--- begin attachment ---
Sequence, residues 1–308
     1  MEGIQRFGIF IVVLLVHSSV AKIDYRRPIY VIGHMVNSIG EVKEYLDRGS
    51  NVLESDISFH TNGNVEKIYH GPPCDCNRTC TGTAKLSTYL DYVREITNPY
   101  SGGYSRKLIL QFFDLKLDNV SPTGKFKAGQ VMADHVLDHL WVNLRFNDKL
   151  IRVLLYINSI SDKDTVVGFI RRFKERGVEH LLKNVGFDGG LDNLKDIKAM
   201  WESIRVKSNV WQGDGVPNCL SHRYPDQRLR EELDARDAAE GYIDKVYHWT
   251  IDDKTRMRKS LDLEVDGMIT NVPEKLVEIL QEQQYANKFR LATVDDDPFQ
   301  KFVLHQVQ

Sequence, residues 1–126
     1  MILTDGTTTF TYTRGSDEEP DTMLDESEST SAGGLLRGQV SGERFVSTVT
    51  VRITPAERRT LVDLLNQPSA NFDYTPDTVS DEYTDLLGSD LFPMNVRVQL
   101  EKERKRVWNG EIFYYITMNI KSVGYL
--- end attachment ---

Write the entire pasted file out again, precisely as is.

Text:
Sequence, residues 1–308
     1  MEGIQRFGIF IVVLLVHSSV AKIDYRRPIY VIGHMVNSIG EVKEYLDRGS
    51  NVLESDISFH TNGNVEKIYH GPPCDCNRTC TGTAKLSTYL DYVREITNPY
   101  SGGYSRKLIL QFFDLKLDNV SPTGKFKAGQ VMADHVLDHL WVNLRFNDKL
   151  IRVLLYINSI SDKDTVVGFI RRFKERGVEH LLKNVGFDGG LDNLKDIKAM
   201  WESIRVKSNV WQGDGVPNCL SHRYPDQRLR EELDARDAAE GYIDKVYHWT
   251  IDDKTRMRKS LDLEVDGMIT NVPEKLVEIL QEQQYANKFR LATVDDDPFQ
   301  KFVLHQVQ

Sequence, residues 1–126
     1  MILTDGTTTF TYTRGSDEEP DTMLDESEST SAGGLLRGQV SGERFVSTVT
    51  VRITPAERRT LVDLLNQPSA NFDYTPDTVS DEYTDLLGSD LFPMNVRVQL
   101  EKERKRVWNG EIFYYITMNI KSVGYL